Total phenolics content, DPPH• radical-scavenging, metal (Fe2+) chelating and Fe3+ reducing power were measured in bread ethanolic extract as previously described [9, 10]. Ten g of bread sample were homogenized with 100 ml ethanol for 24 h at ambient temperature using an orbital shaker at stirring speed of 200 rpm. After filtration, the obtained extract was recovered and kept in the dark at 4 °C until further analyses. Total phenolics were expressed as mg gallic acid equivalents (GAE)/100 g of bread. Results of DPPH• radical-scavenging and metal (Fe2+) chelating assays are presented by IC50 values, defined as the extract concentration needed to scavenge 50% of DPPH• and to chelate 50% of Fe2+, respectively. In the reducing power assay, the presence of antioxidants in the sample would reduce the Fe3+ to Fe2+, which was monitored by measuring the Perl’s Prussian blue (Fe4[Fe(CN)6]3) formation at 700 nm. The reducing power (A700, absorbance at 700 nm) was determined at 2 mg/ml of bread extract.
The sensory properties (texture, colour, odour, taste and overall acceptability) of fresh prepared breads were evaluated according to the method of Murray et al.  by sixty panelists. A five-point hedonic scale was used for each attribute, where 5: like very much, 4: like moderately, 3: neither like nor dislike, 2: dislike moderately and 1: dislike very much.
All analytical determinations were performed in triplicate. One-way analysis of variance was conducted using the SPSS software for Windows™ (version 17, SPSS Inc., Chicago, IL, USA). Duncan’s multiple range test (p < 0.05) was used to compare the averages responses between treatments.
Results and discussion
Phytochemical analysis of cladodes from Opuntia ficus-indica
Liquid Chromatography-High Resolution Electrospray Ionization Mass Spectrometry (LC-HRESIMS) analysis of the cladodes ethanolic extract
Many studies have revealed a positive correlation between nutraceuticals and functional food, and reduced risk of diseases associated with oxidative stress such as cardiovascular diseases, cancers, diabetes as well as neurodegenerative diseases [1, 6]. Thus, the consumption of food products enriched with prickly pear cladodes would potentially provide antioxidant properties and consequently health benefits.
Alveographic characteristics and yield of the dough
Effect of cladodes powder on dough alveographic properties and bread characteristics
Level of cladodes powder substitution
P (mm H2O)
82.3 ± 0.6d
117.6 ± 1.3c
124.5 ± 0.7b
132.3 ± 5.6b
142.0 ± 1.7a
68.0 ± 1.6a
36.0 ± 1.4b
36.5 ± 2.1b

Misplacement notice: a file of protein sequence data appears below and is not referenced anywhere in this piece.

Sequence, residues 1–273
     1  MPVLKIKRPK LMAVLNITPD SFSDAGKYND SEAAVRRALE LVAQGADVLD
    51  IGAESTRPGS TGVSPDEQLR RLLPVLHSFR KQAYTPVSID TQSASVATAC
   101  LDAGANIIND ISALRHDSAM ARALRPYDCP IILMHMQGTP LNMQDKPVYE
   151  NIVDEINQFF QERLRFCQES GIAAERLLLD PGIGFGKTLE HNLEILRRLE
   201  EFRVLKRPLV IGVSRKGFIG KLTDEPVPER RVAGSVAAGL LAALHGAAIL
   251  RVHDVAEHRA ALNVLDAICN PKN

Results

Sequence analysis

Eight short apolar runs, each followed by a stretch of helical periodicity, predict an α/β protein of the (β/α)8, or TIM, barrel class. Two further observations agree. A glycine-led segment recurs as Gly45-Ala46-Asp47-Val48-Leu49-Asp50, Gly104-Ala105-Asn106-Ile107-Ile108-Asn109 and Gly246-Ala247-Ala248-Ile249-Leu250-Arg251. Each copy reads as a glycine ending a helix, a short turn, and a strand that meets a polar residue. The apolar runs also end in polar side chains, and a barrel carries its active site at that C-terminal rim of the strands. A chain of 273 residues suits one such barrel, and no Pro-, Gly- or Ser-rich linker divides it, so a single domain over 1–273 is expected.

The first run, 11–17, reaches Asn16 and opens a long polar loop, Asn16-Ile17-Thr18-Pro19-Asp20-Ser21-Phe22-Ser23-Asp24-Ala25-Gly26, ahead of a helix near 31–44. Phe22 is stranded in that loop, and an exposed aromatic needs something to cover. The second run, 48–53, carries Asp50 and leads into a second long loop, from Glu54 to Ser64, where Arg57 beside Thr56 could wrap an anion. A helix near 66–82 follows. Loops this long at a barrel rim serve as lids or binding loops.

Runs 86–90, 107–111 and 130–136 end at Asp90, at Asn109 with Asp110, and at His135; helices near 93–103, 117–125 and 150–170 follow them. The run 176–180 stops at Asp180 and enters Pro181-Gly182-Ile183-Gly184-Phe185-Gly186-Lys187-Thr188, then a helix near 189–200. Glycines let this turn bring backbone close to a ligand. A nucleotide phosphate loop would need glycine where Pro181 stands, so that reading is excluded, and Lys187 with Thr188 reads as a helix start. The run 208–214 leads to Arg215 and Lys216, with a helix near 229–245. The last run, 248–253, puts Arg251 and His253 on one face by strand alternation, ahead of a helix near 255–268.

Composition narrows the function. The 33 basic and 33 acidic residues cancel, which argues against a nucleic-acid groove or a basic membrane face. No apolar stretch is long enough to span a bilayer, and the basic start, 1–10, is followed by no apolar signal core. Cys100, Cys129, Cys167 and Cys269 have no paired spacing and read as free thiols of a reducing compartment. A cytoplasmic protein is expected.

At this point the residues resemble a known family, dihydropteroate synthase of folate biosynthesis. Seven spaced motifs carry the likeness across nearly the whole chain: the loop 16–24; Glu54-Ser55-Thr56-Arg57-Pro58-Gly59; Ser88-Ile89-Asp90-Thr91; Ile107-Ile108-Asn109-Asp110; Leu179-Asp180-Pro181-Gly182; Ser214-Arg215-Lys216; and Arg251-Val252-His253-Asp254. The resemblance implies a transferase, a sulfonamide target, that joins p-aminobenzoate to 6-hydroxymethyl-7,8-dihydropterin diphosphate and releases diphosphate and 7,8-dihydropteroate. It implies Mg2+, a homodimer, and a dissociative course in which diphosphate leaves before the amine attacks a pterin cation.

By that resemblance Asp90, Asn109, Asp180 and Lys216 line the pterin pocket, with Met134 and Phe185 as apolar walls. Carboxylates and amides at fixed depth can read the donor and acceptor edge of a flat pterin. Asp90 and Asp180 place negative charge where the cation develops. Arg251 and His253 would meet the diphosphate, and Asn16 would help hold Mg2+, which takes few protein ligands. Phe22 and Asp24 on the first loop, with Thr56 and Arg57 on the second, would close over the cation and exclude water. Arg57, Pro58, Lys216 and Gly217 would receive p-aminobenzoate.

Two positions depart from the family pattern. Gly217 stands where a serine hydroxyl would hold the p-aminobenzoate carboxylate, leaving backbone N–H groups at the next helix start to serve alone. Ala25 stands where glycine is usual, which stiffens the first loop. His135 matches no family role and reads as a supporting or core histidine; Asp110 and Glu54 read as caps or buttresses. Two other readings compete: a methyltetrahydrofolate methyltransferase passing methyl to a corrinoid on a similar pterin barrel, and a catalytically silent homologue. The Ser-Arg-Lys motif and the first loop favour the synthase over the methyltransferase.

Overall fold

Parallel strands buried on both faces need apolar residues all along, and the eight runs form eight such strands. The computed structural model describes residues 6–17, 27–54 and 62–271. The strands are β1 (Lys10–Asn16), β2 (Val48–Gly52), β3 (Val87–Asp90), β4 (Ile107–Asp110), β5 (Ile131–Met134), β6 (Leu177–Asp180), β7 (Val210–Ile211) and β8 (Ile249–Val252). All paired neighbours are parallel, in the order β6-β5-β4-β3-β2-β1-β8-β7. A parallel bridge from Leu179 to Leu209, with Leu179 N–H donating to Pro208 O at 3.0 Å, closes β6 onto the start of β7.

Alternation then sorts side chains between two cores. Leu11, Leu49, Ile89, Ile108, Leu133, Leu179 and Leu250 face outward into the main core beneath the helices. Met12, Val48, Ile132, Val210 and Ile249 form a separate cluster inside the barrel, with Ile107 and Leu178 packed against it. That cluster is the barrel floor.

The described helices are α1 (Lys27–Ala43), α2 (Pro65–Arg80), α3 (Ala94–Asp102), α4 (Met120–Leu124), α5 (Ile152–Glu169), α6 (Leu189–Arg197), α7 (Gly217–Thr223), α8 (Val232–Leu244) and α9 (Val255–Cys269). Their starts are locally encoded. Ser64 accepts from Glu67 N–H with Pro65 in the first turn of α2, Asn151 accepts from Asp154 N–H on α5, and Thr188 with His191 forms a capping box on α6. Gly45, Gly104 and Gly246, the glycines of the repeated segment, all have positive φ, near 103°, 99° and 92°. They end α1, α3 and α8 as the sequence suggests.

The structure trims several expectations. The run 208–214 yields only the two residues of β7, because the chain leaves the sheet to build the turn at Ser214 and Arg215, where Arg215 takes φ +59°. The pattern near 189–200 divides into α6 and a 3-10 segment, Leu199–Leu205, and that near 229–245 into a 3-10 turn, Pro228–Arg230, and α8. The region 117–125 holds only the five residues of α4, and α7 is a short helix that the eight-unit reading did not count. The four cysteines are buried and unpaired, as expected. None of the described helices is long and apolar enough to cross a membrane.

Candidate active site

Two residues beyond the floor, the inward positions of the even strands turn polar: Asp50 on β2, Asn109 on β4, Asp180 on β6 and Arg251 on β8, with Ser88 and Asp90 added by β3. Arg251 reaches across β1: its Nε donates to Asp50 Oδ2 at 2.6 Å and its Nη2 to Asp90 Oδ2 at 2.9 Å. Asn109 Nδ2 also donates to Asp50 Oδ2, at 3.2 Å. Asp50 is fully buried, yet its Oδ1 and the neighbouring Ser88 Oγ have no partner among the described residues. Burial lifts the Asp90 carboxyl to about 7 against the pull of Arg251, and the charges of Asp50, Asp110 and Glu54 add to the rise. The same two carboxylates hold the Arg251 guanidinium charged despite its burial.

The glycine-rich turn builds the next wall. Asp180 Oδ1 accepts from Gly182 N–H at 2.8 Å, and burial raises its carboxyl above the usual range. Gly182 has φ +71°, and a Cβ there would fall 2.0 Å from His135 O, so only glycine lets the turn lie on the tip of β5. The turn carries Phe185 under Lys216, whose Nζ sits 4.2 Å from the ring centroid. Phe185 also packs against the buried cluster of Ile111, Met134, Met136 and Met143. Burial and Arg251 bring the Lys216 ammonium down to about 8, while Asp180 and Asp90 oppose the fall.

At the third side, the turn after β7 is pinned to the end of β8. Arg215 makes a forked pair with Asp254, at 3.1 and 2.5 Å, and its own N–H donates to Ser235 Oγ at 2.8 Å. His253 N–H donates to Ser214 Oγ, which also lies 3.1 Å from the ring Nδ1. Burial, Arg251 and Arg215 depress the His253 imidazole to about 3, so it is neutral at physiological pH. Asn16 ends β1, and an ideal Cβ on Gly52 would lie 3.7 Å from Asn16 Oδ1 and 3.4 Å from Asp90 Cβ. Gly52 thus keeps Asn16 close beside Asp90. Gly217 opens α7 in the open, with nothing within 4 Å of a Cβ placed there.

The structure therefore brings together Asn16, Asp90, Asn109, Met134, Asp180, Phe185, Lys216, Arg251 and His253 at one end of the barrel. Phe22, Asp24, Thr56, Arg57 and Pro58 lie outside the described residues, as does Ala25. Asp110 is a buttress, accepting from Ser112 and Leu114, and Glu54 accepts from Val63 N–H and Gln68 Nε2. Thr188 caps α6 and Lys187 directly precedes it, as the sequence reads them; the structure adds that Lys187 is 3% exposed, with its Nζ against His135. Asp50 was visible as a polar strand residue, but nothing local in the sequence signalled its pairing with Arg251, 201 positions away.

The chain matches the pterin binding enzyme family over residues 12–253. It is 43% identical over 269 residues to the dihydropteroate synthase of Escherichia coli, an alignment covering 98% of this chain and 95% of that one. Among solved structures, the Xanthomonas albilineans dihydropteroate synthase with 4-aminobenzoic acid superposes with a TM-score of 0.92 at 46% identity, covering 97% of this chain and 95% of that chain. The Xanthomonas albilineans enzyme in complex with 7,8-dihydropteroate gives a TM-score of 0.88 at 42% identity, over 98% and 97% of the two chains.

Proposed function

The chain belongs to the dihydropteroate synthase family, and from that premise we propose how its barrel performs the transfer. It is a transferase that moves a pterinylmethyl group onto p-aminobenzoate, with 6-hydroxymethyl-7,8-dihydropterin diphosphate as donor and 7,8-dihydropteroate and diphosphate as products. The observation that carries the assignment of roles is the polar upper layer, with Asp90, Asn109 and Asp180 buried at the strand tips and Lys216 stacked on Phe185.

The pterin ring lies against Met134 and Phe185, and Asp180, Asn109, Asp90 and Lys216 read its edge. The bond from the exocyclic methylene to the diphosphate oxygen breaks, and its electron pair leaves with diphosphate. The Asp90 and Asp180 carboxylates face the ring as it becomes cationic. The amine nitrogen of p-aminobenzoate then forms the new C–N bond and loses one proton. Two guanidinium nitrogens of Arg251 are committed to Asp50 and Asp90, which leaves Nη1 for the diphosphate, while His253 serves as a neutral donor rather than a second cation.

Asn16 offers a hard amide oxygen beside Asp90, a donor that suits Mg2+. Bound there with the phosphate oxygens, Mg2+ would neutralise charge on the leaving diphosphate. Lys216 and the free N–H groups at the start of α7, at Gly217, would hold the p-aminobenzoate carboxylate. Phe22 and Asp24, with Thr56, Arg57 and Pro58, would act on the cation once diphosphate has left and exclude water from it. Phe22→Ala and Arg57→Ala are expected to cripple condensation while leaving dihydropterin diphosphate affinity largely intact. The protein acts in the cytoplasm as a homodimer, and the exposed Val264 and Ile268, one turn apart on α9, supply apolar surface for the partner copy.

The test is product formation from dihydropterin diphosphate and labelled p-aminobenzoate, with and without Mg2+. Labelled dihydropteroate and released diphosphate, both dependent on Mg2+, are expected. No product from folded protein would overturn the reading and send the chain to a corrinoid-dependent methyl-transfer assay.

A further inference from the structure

28.3 ± 2.1bc
23.7 ± 0.6c
1.20 ± 0.03d
3.20 ± 0.20c
3.30 ± 0.10c
4.80 ± 0.20b
5.90 ± 0.05a
W (10−4 J)
193.7 ± 1.5a
198.0 ± 2.8a
176.8 ± 3.8b
180.0 ± 4.2b
152.0 ± 5.2c
Mass loss (%)
24.2 ± 0.3a
23.4 ± 0.2a
22.5 ± 0.3b
21.7 ± 0.1c
21.0 ± 0.1d
Yield (g/100 g flour)
120.0 ± 0.2e
125.1 ± 0.5d
130.7 ± 0.6c
136.6 ± 0.1b
142.6 ± 0.4a
9.9 ± 0.1d
11.8 ± 0.4c
14.2 ± 0.3a
13.3 ± 0.4b
10.6 ± 0.9cd
Specific volume (cm3/g)
1.20 ± 0.03d
1.30 ± 0.10c
1.50 ± 0.03b
1.60 ± 0.04a
1.30 ± 0.10c
Table 2 shows that the bread mass loss, related to the water loss after baking, was significantly (p < 0.05) affected by cladodes level incorporation. In fact, it was reduced by 13.2% at 10% substitution level (F4). Besides, cladodes powder addition significantly (p < 0.05) increased the bread yield that rose by 18.8% at 10% substitution level (F4). Bread yield increase could be attributed to the wheat flour substitution by cladodes powder, as it was expressed on wheat flour basis. Moreover, obtained results could be also explained by the high water retention of the fortified dough, since addition of cladodes powder required more water during dough elaboration. Similar results were also found by Borchani et al. , who evidenced a dough yield increase of 4.3% at 3% flour substitution level with date flesh fibers. However, these authors showed that the bread mass loss was not significantly (p > 0.05) affected by date flesh fibers enrichment (from 0.5 to 3%). Consequently, the wheat flour substitution by cladodes powder and the increase of the dough absorption were effective in increasing bread yield, which was important considering the economical aspect.
Effects of cladodes powder integration on bread quality
Physical properties of bread
Colour characteristics of bread supplemented with cladodes powder
62.91 ± 0.10a
3.53 ± 0.27a
20.24 ± 0.32a
60.25 ± 0.55b
0.95 ± 0.06b
18.53 ± 0.62b
58.58 ± 0.36c
0.30 ± 0.02c
16.44 ± 0.42c
54.58 ± 0.19d
0.11 ± 0.01d
13.84 ± 0.47d
53.55 ± 0.36e
0.10 ± 0.01d
13.45 ± 0.27d
66.31 ± 0.25a
0.94 ± 0.13a
17.06 ± 0.33a
62.66 ± 0.40b
−0.67 ± 0.08b
16.98 ± 0.39a
60.08 ± 0.40c
−0.73 ± 0.05b
15.87 ± 0.36b
57.13 ± 0.30d
−0.87 ± 0.05c
14.47 ± 0.18c
55.78 ± 0.10e
−0.95 ± 0.06c
13.51 ± 0.10d
Total phenolics content and antioxidant activity